The American Psychological Association, responding to reports that some of its members may have advised officials on how to conduct harsh interrogations of detainees, issued a report Tuesday telling its members of the ethical dangers of such activities.
The report by a group convened to study the ethical boundaries for psychologists at places like the detainment center at Guantanamo Bay, Cuba, concluded that it was acceptable to act as behavioral consultants to interrogators of the prisoners from Afghanistan who are held there.
The report said the psychologists should not use a detainee's medical information "to the detriment and safety of an individual's well-being." It also said that psychologists serving as consultants to interrogations involving national security should be "mindful of factors unique to these roles and contexts that require special ethical consideration."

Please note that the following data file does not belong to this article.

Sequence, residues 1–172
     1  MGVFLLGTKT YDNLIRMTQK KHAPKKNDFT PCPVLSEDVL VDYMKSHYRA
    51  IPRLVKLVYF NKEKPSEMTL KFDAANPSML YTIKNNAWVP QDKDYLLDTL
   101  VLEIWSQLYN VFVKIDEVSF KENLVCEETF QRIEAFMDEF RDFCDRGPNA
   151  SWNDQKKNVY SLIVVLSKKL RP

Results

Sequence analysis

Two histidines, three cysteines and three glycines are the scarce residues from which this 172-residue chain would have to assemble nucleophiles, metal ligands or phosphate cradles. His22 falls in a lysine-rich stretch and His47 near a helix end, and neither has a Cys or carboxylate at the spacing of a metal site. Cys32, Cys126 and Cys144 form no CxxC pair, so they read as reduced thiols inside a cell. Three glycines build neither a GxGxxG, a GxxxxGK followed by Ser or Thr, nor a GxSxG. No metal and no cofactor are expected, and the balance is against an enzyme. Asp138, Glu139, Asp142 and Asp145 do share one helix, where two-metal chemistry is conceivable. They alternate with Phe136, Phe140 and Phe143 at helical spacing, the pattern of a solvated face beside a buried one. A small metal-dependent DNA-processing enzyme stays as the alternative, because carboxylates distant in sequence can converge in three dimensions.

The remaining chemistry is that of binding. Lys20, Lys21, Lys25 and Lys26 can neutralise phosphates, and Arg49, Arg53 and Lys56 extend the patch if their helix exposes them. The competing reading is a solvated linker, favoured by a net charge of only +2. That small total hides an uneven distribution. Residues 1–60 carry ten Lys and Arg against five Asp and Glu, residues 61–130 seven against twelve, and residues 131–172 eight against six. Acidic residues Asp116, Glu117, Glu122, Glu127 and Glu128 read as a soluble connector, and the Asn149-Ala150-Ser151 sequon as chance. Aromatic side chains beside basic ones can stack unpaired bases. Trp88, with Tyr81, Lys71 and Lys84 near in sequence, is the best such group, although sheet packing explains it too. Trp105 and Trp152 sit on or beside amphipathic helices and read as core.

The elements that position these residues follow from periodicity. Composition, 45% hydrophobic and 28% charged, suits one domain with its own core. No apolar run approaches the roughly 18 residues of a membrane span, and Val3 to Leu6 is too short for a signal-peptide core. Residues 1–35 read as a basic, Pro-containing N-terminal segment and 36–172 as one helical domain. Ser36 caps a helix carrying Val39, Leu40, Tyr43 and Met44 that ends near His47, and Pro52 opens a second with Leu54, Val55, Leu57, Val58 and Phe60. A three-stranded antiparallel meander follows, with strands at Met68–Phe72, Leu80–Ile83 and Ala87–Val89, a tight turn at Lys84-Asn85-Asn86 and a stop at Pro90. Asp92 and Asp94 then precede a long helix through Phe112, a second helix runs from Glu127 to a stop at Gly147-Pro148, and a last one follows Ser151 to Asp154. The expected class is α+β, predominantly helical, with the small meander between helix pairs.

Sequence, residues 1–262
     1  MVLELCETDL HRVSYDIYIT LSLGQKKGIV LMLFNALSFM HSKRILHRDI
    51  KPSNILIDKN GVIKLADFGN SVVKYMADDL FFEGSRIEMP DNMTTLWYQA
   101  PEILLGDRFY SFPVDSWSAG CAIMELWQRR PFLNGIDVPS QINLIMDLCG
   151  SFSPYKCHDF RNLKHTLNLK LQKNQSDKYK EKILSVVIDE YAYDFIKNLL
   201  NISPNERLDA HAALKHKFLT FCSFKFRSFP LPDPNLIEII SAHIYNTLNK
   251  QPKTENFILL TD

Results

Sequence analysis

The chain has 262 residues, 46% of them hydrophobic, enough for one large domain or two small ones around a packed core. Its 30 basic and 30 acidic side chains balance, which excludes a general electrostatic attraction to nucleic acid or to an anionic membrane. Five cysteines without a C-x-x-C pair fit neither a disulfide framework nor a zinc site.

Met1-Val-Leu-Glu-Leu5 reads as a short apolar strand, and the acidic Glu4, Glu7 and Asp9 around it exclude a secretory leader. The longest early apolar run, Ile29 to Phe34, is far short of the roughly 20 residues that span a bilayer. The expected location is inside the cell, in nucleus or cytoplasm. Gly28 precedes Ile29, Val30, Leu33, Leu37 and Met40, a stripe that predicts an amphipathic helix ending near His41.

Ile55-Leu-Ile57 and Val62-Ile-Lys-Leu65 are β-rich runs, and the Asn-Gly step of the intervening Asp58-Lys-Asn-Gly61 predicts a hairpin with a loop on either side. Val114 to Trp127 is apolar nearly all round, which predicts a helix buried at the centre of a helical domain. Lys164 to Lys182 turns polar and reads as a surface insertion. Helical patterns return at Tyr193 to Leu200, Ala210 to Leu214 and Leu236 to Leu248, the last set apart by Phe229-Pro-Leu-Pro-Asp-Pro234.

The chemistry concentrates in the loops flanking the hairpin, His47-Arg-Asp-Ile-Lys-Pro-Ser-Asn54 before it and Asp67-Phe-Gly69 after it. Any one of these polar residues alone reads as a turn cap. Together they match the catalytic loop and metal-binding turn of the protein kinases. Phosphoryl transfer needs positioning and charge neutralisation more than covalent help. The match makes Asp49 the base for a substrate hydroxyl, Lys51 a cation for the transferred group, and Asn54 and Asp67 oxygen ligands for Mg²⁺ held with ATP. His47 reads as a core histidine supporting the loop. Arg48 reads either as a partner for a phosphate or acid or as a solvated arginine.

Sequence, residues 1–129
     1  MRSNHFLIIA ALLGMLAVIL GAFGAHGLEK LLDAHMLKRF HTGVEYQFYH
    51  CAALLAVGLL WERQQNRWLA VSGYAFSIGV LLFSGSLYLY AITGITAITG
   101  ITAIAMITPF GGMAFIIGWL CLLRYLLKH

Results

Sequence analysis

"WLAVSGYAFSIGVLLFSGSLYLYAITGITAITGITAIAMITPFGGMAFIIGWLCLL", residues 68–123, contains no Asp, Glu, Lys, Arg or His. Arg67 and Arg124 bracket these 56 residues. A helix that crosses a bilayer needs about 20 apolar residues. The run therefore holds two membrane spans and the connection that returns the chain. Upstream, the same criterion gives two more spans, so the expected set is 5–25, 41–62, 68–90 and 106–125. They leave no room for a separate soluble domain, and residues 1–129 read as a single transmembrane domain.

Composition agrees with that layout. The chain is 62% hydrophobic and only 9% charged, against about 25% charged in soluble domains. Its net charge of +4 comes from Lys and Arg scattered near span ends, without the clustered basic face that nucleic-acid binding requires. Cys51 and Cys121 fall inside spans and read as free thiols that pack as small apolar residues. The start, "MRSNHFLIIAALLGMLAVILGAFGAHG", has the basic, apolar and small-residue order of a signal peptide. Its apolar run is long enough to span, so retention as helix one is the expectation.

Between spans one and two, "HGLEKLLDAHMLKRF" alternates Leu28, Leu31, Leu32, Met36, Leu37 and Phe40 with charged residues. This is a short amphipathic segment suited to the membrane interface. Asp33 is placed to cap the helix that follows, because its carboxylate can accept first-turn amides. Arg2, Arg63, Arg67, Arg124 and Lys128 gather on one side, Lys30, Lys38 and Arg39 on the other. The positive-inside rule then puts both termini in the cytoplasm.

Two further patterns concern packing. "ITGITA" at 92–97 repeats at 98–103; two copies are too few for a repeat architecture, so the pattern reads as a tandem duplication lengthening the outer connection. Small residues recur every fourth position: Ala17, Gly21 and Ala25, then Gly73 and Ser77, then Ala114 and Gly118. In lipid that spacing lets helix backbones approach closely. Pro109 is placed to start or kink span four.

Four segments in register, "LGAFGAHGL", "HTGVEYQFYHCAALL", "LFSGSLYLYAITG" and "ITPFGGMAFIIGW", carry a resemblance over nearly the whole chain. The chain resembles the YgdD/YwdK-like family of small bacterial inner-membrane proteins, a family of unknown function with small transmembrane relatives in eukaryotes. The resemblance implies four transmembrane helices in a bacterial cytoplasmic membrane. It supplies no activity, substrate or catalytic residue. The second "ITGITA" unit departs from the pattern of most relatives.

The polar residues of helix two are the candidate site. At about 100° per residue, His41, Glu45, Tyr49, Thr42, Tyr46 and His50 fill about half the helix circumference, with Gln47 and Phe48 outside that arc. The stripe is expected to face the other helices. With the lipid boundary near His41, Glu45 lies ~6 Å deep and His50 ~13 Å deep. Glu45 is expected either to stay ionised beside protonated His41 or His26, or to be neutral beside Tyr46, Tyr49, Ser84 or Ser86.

The report thus appears to avoid explicit answers to questions as to whether psychologists may advise interrogators on how to increase stress on detainees to make them more cooperative if the advice is not based on medical files but only on observation of the detainees.
The above is from Neil A. Lewis' "Psychologists Warned on Role in Detentions" in this morning's New York Times. It's sad to know that the APA can't make a finding with regards to the actions of their own members. Did those participating in the report just sit calmly in their chair saying, "Very interesting. And then what?" Were they all Freudians?
The e-mail address for this site is email@example.com.